The Google Admin application – which allows users to manage their Google for Work accounts from their Android devices – contains an unpatched vulnerability that can be exploited to read data from any file within the Google Admin sandbox.
The vulnerability – identified by security researchers with MWR Labs and deemed medium in severity – impacts Google Admin version 2014101605 and lower, Rob Miller, senior security researcher with MWR InfoSecurity, indicated in an advisory published on Thursday.
“The vulnerability discovered allows other applications on the same phone as a Google Admin app to read credentials from the Admin app, potentially letting [a] malicious app perform actions on the Gmail for work accounts using these credentials, without any interaction from the user,” Miller told SCMagazine.com in a Friday email correspondence.
Miller explained that a file containing a token plays into the threat.
“A key file in the Google Admin sandbox is a file holding a token that is used by the app to authenticate itself with the server,” he said. “A malicious app could exploit the vulnerability found to read this token and attempt to log in to the Google for Work server.”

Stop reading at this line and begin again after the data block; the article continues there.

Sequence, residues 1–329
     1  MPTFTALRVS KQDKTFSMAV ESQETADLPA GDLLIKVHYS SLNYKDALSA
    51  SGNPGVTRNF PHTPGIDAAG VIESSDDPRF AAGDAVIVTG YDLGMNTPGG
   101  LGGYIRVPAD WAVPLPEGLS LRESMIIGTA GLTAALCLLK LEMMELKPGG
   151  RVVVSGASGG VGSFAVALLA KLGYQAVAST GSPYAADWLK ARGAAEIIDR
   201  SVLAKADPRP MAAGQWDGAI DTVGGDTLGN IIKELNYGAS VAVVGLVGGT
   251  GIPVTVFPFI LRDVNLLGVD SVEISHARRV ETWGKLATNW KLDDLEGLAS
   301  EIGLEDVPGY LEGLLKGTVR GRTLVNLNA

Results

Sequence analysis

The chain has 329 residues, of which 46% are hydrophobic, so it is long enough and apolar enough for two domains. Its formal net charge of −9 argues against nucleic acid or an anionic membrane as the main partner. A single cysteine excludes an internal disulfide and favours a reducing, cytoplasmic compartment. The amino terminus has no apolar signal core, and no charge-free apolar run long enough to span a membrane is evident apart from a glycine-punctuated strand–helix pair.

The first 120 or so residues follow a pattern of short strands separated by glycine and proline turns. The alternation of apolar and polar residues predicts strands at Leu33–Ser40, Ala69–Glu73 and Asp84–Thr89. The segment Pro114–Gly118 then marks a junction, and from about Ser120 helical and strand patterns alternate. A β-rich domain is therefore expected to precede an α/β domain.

Since Google has not issued a patch and exploitation of the bug requires a malicious app to be on to the mobile, Miller simply recommended that users do not download untrusted third-party applications on devices with Google Admin.
MWR Labs identified the vulnerability in March and disclosed it to the Google Security team, which quickly acknowledged the bug and indicated an update would be released, the advisory said. Months later that update never came, so researchers announced to Google their intent to publish the advisory.
Google did not respond to a SCMagazine.com email request for comment.
UPDATE: A Google spokesperson told SCMagazine.com on Friday, “We thank the researchers for flagging this to us. We have addressed the issue in the Google Admin app and the fix has been released. In order for this issue to occur, a malicious app would need to be installed on the device. As far as we know, no one has been affected.”